East Bay: A Kind of Homecoming

Within minutes of arriving in Temescal, Oakland, I ran into two people: one I hadn’t met before but she knew my girlfriend, and the other was avoiding me since getting fired from a job I had suggested she apply for. All confirming the idea that the East Bay is a sort of Brooklyn West, and that people self-select certain neighborhoods and communities.

I had an iced coffee at Arbor Cafe, a nice spot with vertical bike racks lining one of the walls. Unfortunately, I saw a roach crawl across the counter as I reached for my drink. The cashier and I gave each other a blank stare, neither of us confirming what we had both just witnessed.

I had dinner with a new friend at her apartment just off Lake Merritt. Devika remembered that I love beans, and we had black beans, purple cabbage and potatoes cooked with garam masala and coriander, a pickled garlic spread, and yogurt on injera. She told me hilarious stories about crashing weddings in her native India.

I stayed with fun Airbnb hosts in a spacious room in North Berkeley, walking distance from the Berkeley Rose Garden, restaurants and shops, and the Berkeley campus. I’ve been to Berkeley a few times since graduating and moving away, but this was the first time I’ve had a full extra day to walk around and reminisce.

I was all set to splurge at Chez Panisse, an inspiration to my career in countless ways and the (often uncredited) force behind the farm to table movement in the US. But an electrical fire in March left it temporarily closed. And I was dismayed to learn that Cafe Fanny, another Alice Waters’ venture and home to some of the best pastries I’ve ever had, had closed last year. So, I relied instead on some fresh, affordable standbys from my college days. First, Cancun for a tasty nopales en asada burrito and their amazing salsa bar (the pumpkin seed remains my favorite). I also went to Long Life Veggie House for their incredible lunch special: tea, a cup of hot and sour soup, a spring roll, kung pao veggie ham with perfectly cooked zucchini and brown rice for $5 before tip. This is a family owned restaurant where you’d often see a table of women seated snapping green beans and chatting. This time, a waiter’s toddler son was running around with a huge grin and a pinwheel.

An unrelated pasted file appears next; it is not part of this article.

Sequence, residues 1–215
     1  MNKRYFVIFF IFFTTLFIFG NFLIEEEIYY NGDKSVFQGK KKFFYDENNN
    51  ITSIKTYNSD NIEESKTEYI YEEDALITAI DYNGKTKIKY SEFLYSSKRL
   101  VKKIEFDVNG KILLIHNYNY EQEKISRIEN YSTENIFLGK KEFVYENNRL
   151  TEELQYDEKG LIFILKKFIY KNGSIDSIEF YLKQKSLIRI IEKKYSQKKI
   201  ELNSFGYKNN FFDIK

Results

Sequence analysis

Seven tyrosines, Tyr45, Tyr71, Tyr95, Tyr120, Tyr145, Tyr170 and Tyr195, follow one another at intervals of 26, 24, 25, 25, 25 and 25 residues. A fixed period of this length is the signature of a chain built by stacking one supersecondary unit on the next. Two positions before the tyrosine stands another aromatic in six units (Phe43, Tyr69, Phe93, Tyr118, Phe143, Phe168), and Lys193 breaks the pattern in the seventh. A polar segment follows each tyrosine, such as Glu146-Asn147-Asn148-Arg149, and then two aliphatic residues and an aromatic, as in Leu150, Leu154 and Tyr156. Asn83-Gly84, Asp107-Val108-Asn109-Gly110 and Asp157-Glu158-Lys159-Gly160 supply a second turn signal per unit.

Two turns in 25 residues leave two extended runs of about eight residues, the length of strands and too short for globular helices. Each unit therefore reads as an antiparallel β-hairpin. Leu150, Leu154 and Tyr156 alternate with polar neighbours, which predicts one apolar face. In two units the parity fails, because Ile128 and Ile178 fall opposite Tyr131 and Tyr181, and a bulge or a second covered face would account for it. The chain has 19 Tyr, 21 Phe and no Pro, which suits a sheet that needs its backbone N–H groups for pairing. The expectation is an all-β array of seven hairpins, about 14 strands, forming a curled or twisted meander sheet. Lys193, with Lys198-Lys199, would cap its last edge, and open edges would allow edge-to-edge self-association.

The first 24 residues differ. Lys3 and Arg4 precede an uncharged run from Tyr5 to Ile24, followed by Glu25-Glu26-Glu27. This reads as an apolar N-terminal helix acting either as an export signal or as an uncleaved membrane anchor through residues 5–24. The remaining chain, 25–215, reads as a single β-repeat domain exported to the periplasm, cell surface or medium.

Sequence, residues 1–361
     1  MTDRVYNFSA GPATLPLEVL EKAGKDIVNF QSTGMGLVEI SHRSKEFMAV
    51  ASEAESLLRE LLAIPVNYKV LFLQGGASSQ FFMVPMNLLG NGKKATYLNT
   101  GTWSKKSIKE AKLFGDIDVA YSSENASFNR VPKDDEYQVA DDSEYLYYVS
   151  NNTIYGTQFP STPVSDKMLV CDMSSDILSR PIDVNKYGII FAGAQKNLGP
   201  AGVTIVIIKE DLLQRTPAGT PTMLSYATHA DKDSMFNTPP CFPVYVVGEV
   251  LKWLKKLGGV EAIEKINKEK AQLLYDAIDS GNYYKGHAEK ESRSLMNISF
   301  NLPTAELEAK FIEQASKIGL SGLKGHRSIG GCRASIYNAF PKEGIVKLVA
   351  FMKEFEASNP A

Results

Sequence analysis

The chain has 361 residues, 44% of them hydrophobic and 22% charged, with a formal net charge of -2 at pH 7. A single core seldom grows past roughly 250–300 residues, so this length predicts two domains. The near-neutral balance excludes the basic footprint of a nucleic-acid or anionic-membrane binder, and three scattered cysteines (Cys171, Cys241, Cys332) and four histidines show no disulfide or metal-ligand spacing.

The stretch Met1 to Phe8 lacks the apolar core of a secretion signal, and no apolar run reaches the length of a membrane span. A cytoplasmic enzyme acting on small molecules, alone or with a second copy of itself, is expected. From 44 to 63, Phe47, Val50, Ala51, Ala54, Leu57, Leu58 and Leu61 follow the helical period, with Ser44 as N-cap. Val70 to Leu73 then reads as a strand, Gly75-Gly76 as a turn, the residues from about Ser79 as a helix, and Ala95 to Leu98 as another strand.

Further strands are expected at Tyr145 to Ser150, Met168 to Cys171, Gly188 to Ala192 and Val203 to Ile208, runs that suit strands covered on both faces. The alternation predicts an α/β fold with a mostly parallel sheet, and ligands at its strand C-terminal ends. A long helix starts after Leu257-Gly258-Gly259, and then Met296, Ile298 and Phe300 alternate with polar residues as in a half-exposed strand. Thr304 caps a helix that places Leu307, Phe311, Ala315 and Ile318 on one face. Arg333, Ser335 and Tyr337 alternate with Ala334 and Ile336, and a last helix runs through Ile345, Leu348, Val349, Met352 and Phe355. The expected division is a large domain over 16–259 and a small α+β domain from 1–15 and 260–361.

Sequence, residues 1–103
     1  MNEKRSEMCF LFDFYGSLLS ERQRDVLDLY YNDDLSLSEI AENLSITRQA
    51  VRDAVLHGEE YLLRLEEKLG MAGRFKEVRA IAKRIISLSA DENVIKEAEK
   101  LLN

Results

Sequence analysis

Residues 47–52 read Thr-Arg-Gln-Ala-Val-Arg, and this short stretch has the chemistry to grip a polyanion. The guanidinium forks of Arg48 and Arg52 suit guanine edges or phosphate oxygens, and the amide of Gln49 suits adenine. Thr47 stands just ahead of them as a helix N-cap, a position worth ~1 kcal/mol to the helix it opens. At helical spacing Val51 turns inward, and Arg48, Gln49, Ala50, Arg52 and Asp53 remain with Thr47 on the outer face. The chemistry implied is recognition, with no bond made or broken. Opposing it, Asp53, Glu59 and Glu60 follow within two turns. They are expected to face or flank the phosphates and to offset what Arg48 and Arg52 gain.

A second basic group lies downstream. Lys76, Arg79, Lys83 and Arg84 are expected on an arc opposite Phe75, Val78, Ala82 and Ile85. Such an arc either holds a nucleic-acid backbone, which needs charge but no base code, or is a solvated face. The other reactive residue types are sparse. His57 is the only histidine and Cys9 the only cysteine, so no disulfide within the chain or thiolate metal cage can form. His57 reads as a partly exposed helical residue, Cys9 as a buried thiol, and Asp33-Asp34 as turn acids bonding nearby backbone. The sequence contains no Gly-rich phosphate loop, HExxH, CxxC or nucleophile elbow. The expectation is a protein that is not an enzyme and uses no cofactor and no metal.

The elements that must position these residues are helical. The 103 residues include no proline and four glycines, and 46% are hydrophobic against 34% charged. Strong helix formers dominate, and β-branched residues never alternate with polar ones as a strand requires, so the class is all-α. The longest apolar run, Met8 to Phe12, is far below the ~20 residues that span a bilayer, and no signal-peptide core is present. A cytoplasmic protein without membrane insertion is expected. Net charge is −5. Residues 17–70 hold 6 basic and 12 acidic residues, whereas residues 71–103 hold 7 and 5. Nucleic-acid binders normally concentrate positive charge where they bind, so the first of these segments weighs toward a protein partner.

I sampled cheeses, strawberries, oranges, dried nectarines, radishes, and purple asparagus at the Berkeley Farmers Market. If I wasn’t flying out that evening, I would have purchased some of the delicious and crisp Bavarian lettuce. I had a refreshing Blue Bottle New Orleans style iced coffee and bought some fresh corn tortillas that were made that morning– hard to find in New York.

Then I wandered through the campus, through the grove of eucalyptus and redwood trees along Strawberry Creek, and basked in happy memories. Go Bears!

eucalyptus trees on the UC Berkeley campus

eucalyptus trees on the UC Berkeley campus

Sproul Plaza, UC Berkeley

Sproul Plaza, UC Berkeley

Before heading out, I stopped by another Berkeley institution, the Cheese Board, a worker-owned cooperative pizzeria, cheese shop, and bakery. I had a nice chat with the woman who helped me, and she recommended local cheeses that I might not be able to find in NYC: the potent Point Reyes blue, St. George (modeled after a Portuguese style), and Cowabunga from Bohemian Creamery, with caramelized cheese in the middle.

at the Cheese Board Collective, Berkeley, CA

at the Cheese Board Collective, Berkeley, CA

There are plenty of other places I’d visit if I had more time, but I’m glad to know that the East Bay still makes my heart sing.


One thought on “East Bay: A Kind of Homecoming

  1. I just could not leave your web site prior to suggesting that I actually enjoyed the usual information a person provide in your guests?
    Is going to be again often to check up on new posts

Leave a Reply

Fill in your details below or click an icon to log in:

WordPress.com Logo

You are commenting using your WordPress.com account. Log Out /  Change )

Google+ photo

You are commenting using your Google+ account. Log Out /  Change )

Twitter picture

You are commenting using your Twitter account. Log Out /  Change )

Facebook photo

You are commenting using your Facebook account. Log Out /  Change )


Connecting to %s